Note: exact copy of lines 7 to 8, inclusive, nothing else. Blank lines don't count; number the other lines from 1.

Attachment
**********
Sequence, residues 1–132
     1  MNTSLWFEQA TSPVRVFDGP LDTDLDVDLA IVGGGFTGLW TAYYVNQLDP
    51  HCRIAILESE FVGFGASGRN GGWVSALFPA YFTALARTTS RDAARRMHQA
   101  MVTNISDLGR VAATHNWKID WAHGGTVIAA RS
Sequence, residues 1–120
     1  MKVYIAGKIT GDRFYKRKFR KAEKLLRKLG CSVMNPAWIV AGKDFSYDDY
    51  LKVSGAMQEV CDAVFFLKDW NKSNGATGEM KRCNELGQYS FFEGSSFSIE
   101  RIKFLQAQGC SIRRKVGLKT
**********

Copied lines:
    51  LKVSGAMQEV CDAVFFLKDW NKSNGATGEM KRCNELGQYS FFEGSSFSIE
   101  RIKFLQAQGC SIRRKVGLKT